Paul Antonio – I think the first thing, especially in this day and age is that people always call it a font – that’s what they are accustomed to because that’s what they see on a computer. Calligraphy is not a font. Handwritten word is a script. It’s generated by hand. You know, I’ve had clients complain about ‘inconsistencies of ink deposition’ and I’m like – it’s not a printer! It’s done by the hand! The variation in colour is a beautiful human trait and I think calligraphy is very different from typography. When you see a font being used, it can be fairly rigid. Something that’s calligraphic has life and vitality to it. People need to start understanding the differences between them.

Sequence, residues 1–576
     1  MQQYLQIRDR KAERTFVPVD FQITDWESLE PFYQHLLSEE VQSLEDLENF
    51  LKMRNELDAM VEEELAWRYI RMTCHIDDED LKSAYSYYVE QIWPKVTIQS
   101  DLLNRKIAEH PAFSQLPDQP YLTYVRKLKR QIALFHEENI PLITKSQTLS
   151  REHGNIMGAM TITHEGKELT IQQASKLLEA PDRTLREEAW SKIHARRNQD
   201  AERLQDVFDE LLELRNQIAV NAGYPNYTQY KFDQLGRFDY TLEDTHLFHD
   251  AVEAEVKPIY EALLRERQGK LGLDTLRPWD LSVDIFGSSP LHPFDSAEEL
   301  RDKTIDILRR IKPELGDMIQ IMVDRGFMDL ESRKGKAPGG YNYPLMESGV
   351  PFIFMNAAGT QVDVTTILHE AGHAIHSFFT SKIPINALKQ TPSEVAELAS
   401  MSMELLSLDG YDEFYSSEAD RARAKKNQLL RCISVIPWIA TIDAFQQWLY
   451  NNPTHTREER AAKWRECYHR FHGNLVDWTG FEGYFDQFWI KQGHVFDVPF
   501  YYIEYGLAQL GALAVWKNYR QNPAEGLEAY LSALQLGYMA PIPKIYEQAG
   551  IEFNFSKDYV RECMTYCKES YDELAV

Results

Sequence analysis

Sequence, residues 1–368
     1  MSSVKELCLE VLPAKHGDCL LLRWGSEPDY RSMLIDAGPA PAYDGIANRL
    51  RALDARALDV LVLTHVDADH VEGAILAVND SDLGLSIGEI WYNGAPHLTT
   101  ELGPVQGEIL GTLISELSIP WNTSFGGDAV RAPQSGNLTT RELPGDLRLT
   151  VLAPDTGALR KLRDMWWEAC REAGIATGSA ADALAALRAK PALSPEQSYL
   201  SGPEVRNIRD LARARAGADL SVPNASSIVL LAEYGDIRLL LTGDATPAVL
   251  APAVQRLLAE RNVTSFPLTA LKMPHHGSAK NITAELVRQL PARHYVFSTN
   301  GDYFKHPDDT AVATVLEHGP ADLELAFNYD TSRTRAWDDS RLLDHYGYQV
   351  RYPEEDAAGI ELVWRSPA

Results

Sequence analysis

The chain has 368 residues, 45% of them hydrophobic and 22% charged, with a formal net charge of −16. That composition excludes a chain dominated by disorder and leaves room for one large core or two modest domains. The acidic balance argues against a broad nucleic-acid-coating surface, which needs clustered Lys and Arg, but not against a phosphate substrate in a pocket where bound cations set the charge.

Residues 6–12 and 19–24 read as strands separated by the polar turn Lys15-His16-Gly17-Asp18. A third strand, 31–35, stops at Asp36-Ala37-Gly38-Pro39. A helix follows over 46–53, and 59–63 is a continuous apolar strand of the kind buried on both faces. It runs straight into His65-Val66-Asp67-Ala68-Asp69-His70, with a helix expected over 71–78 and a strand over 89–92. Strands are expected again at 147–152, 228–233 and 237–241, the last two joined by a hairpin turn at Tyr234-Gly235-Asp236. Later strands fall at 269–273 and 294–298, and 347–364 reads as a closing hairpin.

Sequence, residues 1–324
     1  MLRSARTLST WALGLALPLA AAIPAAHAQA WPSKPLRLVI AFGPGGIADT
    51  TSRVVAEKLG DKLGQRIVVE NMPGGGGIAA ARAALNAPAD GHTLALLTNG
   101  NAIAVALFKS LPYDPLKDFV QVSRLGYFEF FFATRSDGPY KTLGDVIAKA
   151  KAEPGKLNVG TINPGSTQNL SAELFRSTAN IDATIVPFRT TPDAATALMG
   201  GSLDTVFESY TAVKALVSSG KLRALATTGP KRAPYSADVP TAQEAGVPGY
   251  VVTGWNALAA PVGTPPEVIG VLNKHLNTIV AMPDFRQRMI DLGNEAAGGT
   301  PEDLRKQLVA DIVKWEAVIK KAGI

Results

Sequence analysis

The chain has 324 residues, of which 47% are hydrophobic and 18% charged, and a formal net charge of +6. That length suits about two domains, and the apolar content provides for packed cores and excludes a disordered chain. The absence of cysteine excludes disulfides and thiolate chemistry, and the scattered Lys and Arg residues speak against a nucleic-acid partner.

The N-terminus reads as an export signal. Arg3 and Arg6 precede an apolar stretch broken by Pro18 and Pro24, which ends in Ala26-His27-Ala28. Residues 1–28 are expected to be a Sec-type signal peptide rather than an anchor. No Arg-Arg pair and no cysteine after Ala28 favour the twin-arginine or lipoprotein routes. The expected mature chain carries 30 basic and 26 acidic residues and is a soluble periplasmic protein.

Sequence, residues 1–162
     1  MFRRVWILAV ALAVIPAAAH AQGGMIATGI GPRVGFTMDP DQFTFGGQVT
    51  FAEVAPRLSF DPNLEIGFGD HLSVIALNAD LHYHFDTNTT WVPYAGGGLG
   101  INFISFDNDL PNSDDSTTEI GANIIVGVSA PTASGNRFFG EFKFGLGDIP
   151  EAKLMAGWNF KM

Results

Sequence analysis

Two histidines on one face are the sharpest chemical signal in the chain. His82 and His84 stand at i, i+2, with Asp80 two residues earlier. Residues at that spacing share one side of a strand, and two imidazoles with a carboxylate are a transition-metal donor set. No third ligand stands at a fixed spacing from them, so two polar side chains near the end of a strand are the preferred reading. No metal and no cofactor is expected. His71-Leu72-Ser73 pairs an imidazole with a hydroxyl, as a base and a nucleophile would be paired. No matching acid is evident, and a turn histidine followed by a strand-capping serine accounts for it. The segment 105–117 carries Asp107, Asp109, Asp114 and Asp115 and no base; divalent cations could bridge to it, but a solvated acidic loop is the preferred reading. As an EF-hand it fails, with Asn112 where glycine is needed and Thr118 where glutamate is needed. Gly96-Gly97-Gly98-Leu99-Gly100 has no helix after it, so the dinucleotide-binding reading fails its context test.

Some other misconceptions are to do with speed – people fail to realize that when something is done by hand, not only does it take time to rule it up – cause you don’t see ruling up, a lot of lines have to be erased afterwards. So once you deal with that – you’ve done the ruling up, you do the writing, you wait two days for the ink to dry so that you don’t smudge it when you’re erasing the lines. So the ink has to dry! And watching wet ink on a surface is beautiful, it really is so lovely – this dome of wetness, it’s so luscious and vital, shimmering with life, and then it flattens down. But it takes time for that to happen! And I think in this day and age people are so accustomed to things happening quickly that they don’t think about the fact that these things take time.
DP – Lastly, what advice would you give to someone wishing to start calligraphy?